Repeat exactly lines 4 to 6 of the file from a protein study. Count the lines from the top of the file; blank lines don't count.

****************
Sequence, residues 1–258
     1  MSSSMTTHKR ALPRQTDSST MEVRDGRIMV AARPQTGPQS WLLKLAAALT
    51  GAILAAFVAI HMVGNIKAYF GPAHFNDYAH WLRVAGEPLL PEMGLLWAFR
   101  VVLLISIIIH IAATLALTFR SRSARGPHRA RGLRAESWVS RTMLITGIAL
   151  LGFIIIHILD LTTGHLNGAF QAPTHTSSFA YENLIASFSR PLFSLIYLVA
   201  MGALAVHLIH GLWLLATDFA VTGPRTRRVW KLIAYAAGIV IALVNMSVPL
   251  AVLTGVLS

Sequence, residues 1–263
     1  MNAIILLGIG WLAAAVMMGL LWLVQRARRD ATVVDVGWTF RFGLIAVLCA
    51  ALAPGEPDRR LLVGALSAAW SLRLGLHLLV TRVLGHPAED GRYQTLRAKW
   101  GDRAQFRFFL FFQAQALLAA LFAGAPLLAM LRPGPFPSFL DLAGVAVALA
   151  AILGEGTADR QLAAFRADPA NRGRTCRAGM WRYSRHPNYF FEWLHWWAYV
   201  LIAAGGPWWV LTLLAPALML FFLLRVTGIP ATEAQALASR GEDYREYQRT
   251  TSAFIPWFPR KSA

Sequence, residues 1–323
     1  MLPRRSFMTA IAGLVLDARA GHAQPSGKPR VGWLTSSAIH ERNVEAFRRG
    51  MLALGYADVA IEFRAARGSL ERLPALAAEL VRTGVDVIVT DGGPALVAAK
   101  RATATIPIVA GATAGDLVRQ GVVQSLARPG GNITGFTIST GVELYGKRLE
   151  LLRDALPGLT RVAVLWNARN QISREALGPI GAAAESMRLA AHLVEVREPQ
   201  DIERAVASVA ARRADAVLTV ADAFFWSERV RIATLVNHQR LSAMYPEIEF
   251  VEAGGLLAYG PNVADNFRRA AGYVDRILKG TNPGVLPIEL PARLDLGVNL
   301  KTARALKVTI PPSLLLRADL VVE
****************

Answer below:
   101  VVLLISIIIH IAATLALTFR SRSARGPHRA RGLRAESWVS RTMLITGIAL
   151  LGFIIIHILD LTTGHLNGAF QAPTHTSSFA YENLIASFSR PLFSLIYLVA
   201  MGALAVHLIH GLWLLATDFA VTGPRTRRVW KLIAYAAGIV IALVNMSVPL